This article is part of our Rising Star Portfolios series.
Odds are good that if you're a fan of Microsoft or Apple, I've probably managed to annoy you. But if you give me a chance, I'll tell you why I'm not buying Microsoft
Mr. Softy is too soft
Depending on whom you talk to, Microsoft is either washed up since everyone will move to the cloud to handle their computing, or the still-dominant player is getting some of its mojo back. I've even outlined some of the positive things going for the tech giant right now.
But today, things are priced a bit too rosily for Microsoft. At Friday's close of $27.34 per share, the market is expecting 6.5% annual growth in free cash flow for five years, 3.2% growth for the next five years, and 2.5% terminal growth (at a 15% discount rate). (For the rest of this article, I'll abbreviate that as "6.5%/3.2%/2.5%.") Over the past five years, FCF has grown by 8.4% annually, on average. There's not a lot of pessimism priced in compared to what Microsoft has done.
I know I've said before that Microsoft can be an intriguing investment, possibly doing a repeat of what Coca-Cola did starting in the mid-1980s. But on further reflection, the MUE portfolio is looking for situations where the market is really expecting next to nothing from a company, not just uninspired performance.
Cupertino is too hard
A similar story is found when I look at Apple. Today, it is the darling of the tech world, apparently incapable of doing anything wrong. It's very innovative and has had smash hits with the iPod, iPhone, and iPad. What's next from the brain of Steve Jobs and his team? No idea, but I have no doubt it will either be a wonderful success or a spectacular flop.
The trouble is, as far as deciding what's going into my portfolio is concerned, that's pretty well priced in right now. Using the same model, at Friday's price of $320.56, the market is expecting an 18.3%/9.2%/2.5% growth pattern (at a 15% discount rate). Yes, over the past five years the company has grown FCF at nearly 49% annually, but over the past five years, FCF growth actually increased only twice compared to the previous year's growth rate. In other words, that 49% rate might not be sustainable.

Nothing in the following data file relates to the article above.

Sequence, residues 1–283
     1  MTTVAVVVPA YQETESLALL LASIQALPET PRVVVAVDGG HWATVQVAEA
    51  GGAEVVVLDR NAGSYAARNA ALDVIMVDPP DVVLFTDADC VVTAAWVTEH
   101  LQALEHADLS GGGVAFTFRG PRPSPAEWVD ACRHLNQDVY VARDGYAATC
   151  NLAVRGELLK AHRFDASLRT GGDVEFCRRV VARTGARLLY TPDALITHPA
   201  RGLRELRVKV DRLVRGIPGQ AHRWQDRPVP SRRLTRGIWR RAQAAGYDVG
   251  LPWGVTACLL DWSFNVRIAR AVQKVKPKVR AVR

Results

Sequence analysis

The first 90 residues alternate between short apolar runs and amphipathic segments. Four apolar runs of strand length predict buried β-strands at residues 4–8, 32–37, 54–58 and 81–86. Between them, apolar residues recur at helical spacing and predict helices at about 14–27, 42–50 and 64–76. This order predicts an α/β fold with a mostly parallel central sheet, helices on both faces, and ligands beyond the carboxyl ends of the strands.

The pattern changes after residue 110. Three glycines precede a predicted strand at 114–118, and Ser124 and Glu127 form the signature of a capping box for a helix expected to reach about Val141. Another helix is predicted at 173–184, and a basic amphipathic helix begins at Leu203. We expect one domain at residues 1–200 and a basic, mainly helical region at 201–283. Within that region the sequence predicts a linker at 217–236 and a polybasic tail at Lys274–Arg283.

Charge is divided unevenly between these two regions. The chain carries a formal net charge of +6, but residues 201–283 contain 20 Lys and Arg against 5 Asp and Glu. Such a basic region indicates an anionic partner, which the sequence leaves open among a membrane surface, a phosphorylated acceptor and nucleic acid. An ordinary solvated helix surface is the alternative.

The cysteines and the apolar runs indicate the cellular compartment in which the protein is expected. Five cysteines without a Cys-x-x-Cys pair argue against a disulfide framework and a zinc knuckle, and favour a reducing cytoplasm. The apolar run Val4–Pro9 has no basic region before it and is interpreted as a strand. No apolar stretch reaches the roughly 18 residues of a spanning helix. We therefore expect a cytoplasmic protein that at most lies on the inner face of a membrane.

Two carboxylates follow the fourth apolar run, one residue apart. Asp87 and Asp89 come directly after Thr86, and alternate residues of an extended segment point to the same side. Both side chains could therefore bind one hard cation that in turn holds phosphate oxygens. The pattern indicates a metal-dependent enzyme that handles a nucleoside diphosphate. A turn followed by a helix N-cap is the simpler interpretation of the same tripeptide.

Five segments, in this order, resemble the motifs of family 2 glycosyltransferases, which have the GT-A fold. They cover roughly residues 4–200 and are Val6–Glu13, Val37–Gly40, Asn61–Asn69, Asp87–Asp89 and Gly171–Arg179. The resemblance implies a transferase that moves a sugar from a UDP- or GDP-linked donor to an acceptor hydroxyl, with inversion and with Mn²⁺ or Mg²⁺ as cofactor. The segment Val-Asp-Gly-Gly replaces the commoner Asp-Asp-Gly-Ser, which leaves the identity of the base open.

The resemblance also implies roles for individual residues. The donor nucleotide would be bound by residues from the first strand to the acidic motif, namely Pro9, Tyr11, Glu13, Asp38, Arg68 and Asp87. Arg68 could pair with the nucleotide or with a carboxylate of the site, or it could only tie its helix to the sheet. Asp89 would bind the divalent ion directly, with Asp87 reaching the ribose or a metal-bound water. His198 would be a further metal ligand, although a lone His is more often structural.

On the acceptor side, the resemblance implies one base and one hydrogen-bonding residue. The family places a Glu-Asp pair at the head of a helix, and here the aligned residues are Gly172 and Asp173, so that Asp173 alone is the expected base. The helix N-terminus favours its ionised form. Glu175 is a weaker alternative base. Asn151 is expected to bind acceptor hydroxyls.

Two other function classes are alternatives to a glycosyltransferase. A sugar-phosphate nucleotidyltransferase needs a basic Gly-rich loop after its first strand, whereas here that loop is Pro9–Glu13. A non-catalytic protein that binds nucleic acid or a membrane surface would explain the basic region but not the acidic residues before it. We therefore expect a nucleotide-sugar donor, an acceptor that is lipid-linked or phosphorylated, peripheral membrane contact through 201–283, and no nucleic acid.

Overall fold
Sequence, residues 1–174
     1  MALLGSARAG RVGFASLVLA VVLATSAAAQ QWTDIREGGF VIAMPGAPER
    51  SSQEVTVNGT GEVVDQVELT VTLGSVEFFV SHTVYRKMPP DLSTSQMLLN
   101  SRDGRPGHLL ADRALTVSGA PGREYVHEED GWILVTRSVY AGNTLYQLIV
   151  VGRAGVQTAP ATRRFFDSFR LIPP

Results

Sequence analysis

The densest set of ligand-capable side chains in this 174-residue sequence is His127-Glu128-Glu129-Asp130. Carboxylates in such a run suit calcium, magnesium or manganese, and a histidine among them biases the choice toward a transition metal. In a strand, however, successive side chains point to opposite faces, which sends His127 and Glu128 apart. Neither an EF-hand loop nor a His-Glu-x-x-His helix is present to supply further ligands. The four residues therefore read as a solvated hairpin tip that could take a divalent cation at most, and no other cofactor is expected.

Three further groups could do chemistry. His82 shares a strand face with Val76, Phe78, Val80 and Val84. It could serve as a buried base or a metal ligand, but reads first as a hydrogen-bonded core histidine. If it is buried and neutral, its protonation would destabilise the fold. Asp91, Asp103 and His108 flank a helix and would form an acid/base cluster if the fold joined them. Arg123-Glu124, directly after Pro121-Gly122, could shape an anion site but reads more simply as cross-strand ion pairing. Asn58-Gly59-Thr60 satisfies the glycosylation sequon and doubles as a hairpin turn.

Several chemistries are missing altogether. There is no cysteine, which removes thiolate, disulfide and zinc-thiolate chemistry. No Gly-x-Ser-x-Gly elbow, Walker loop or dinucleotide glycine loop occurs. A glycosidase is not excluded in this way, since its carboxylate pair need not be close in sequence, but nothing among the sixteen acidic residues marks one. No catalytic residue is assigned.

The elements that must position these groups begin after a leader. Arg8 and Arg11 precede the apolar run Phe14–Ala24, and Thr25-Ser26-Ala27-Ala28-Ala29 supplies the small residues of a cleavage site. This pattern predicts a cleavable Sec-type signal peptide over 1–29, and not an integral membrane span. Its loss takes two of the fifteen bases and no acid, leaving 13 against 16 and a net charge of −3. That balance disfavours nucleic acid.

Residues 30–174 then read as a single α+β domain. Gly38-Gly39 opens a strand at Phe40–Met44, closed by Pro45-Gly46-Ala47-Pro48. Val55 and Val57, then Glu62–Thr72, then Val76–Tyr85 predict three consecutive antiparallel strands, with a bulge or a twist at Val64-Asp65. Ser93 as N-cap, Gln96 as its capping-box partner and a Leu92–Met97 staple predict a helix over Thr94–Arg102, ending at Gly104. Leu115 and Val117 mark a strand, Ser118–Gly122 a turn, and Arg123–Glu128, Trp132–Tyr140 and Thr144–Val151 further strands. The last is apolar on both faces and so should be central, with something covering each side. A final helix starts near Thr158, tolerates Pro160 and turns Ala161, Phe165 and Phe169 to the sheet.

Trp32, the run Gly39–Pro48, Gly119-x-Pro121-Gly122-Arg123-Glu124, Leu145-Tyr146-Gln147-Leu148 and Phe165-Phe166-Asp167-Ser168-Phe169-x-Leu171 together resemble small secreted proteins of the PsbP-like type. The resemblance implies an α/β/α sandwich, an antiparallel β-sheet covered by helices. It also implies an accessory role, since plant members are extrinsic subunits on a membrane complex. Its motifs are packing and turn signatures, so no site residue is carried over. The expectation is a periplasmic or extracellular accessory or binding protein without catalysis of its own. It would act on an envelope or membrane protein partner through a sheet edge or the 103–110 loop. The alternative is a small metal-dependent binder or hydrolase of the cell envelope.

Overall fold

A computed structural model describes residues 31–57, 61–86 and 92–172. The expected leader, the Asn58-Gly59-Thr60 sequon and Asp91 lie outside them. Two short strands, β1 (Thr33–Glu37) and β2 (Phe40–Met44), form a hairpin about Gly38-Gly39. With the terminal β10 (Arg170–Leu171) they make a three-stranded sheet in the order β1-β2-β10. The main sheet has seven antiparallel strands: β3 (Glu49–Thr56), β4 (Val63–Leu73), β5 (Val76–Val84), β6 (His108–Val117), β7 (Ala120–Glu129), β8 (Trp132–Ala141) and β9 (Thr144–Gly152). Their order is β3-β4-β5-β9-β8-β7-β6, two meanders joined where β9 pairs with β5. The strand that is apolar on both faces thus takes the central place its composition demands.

To reiterate, I'd much rather invest in a company where the market is expecting nothing, like when Apple was at $90 per share in early 2009.
These might be just right
Looking elsewhere, I'm digging further into these two:
Expectation Growth Pattern*
Dr Pepper Snapple Group
*FCF annual average growth rates over one to five years/six to 10 years/terminal rate, at 15% discount rate.
Dr Pepper Snapple is the third largest soft-drink maker, behind PespsiCo and Coke. Today, the market is actually expecting less than nothing -- falling FCF growth. Is that because of slowing sales? Or is it too much debt? I don't know yet, but over the past four years, it has actually grown FCF by 22% per year on average.
Verizon, the telecom giant, is another possibility. Here, too, the market is expecting falling FCF growth. In a group of comparable companies, it seems to be the most expensive when looking at price-to-earnings ratios, but it is supposed to be getting the iPhone next year and it does have a nice dividend yield (too nice?). There's some disconnect here because over the past five years, it's grown FCF at 23% per year on average. More digging will be required.
It's a matter of process
If you're a fan of Apple or Microsoft, you're probably saying I'm blind for not investing in great opportunities. And I expect to hear that a lot if Microsoft doubles from here or Apple continues its meteoric rise. But using the result to judge the decision, rather than judging the decision by the process, is the wrong way to go about it. Saying, "Your decision is wrong because Apple and Microsoft rose" is just like saying not hitting a hard 17 in blackjack is wrong because the next card turns out to be a four instead of a five or higher, which is much more likely.
To judge the value of the MUE process, we have to look at how each decision is made at the time and only use the outcome to modify the process that leads to those decisions. If the process is sound, happy results will occur more often than not from a right decision -- don't hit with a hard 17. If the process is flawed, then the opposite will happen and we should modify it.
So far, sticking to my process -- invest only in companies where the expectations are very dim -- has been quite successful, with all five purchases in the green. I've only been going for six weeks, so as we continue, we'll see by the results if this process is really sound or not.